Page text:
Radius Anesthesia blog Dec 2019
Transgender is an umbrella term that describes people whose gender identity and/or gender expression differs from what is typically associated with the sex they were assigned at birth.1 Some researchers estimate that one million adults in the United States and 25 million adults worldwide identify as transgender, and that future surveys are likely to observe even higher numbers of transgender people.2,3 Transgender people have unique health conditions and experience various sociocultural stressors; thus, health professionals must be sure to provide culturally sensitive health care to transgender patients.4 In gender confirmation surgery and other types of procedures, anesthesia providers play an integral role in the health care of transgender patients.3 Not only should anesthesiology practitioners exercise cultural competence with transgender patients, but they must also account for special health risks that may affect anesthesia administration.
Culturally competent health care is important for all patient populations, and especially for transgender patients. Transgender individuals face discrimination and marginalization in many societal contexts.4 Transgender patients regularly encounter transphobia, enacted and perceived stigma and microaggressions, all of which are associated with adverse health outcomes, such as high rates of mood disorders, substance abuse, suicide attempts and sexually transmitted infections.3-5 Specifically in the health sector, the transgender community is highly underserved.6 Challenges for transgender patients include structural and financial barriers, as well as lack of health professional experience.6 Stigmatization may lead transgender patients to refrain from disclosing their gender identity, which could have poor consequences due to lack of proper medical history.6 Additionally, contemporary structures in health care settings, such as electronic health records, may lack the mechanisms to track transition information.6,7 Finally, health care providers do not have adequate information regarding unique health risks and long-term outcomes for transgender patients, which leads to unsatisfactory care.6 Overall, health care for transgender patients needs improvement.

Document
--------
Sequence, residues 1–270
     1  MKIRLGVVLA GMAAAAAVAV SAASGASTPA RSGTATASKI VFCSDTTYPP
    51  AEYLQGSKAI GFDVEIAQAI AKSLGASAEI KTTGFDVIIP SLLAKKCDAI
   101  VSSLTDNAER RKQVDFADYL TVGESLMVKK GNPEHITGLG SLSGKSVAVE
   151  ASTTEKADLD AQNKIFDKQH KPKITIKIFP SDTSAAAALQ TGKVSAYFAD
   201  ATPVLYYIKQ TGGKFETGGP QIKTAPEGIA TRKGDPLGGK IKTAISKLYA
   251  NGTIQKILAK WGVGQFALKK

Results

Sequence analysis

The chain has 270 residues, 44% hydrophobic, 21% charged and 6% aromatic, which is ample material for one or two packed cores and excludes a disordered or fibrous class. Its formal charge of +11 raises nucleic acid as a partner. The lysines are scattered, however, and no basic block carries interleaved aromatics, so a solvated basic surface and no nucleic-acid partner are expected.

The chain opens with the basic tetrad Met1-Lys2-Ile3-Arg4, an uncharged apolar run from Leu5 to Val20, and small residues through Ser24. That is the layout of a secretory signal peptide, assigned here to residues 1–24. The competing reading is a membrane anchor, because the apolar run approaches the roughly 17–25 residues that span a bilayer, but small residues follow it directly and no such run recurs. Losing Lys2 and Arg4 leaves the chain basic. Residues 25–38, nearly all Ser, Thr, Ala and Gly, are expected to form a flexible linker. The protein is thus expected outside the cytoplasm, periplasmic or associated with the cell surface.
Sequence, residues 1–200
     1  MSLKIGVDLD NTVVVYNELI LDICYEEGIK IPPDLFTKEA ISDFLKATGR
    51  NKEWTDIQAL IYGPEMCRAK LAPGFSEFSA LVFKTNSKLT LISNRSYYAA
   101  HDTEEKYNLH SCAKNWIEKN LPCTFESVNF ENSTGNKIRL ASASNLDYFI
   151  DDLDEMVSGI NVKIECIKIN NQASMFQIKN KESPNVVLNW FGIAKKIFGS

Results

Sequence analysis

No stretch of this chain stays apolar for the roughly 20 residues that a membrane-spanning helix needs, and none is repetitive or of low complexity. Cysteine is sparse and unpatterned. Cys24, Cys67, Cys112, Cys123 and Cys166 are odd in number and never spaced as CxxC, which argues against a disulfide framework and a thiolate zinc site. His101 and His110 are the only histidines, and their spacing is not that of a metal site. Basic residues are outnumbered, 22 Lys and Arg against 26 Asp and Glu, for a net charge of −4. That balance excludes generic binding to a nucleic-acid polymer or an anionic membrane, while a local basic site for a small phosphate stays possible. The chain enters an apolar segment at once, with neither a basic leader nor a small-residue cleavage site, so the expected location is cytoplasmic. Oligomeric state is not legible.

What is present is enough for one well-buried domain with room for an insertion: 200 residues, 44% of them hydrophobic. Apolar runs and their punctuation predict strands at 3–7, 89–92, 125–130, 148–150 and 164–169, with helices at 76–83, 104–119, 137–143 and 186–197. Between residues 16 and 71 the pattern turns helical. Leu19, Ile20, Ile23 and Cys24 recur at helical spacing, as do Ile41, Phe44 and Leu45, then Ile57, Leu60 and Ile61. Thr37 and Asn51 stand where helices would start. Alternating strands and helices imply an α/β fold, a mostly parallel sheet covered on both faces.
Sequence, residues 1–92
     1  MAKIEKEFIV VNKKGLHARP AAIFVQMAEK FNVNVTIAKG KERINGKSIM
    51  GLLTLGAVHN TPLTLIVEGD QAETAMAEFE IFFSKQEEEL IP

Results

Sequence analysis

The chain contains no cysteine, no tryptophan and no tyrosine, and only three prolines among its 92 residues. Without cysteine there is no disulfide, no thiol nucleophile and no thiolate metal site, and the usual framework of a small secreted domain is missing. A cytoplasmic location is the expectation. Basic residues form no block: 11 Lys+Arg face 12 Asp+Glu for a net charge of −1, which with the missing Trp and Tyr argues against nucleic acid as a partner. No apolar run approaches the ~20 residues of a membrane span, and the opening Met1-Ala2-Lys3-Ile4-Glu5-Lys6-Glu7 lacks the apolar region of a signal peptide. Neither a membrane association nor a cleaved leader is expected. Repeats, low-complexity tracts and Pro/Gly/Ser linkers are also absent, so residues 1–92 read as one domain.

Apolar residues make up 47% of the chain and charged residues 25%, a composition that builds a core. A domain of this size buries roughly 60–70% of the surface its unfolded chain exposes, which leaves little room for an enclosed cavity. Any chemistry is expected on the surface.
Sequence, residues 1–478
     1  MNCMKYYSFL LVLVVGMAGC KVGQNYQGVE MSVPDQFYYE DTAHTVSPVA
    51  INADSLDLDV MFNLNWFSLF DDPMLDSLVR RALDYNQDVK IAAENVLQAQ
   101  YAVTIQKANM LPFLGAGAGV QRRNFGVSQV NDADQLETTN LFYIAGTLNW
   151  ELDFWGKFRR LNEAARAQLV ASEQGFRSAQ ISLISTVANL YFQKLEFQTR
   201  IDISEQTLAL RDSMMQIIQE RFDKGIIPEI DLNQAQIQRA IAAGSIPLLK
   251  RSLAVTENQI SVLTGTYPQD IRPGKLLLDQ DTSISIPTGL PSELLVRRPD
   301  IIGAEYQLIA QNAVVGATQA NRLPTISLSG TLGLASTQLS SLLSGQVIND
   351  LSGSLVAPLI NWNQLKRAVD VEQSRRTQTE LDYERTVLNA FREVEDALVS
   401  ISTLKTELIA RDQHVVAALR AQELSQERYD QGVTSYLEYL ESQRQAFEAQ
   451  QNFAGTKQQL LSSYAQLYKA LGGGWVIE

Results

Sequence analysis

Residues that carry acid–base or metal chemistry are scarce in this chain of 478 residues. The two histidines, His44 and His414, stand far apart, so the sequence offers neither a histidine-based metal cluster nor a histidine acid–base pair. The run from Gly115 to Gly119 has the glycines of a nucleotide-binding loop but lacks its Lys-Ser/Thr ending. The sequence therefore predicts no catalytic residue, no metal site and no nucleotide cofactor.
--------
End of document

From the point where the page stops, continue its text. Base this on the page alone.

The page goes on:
Anesthesiologists can take critical steps to improve health care experiences for transgender patients. During the preoperative period, the anesthesia provider should assess the patient’s gender identification and preferred pronouns, while also noting incongruencies in legal names or genders on identification documents.3 One study found that certified registered nurse anesthetists (CRNAs) showed disconnect and discomfort about asking tough questions, hindering their ability to develop trusting relationships with transgender patients.7 Openness and a nonjudgmental attitude are crucial to making the patient more comfortable and creating a healthy preoperative environment.3 Also, the anesthesia provider may need to perform a physical examination, which can be a distressing experience for the transgender patient.8 To preserve dignity, the patient should be allowed to have a chaperone present and the anesthesiologist should only conduct an examination when physically necessary.3 Throughout the intraoperative and postoperative periods, the anesthesia provider should continue to use the patient’s preferred gender identity, preferred name and preferred pronouns.4 Transgender patients should be roomed in accordance with their gender identities and postoperative discussions with family should be sensitive to the group’s dynamics.3 Clearly, the whole perioperative period should be marked by a nondiscriminatory, understanding environment.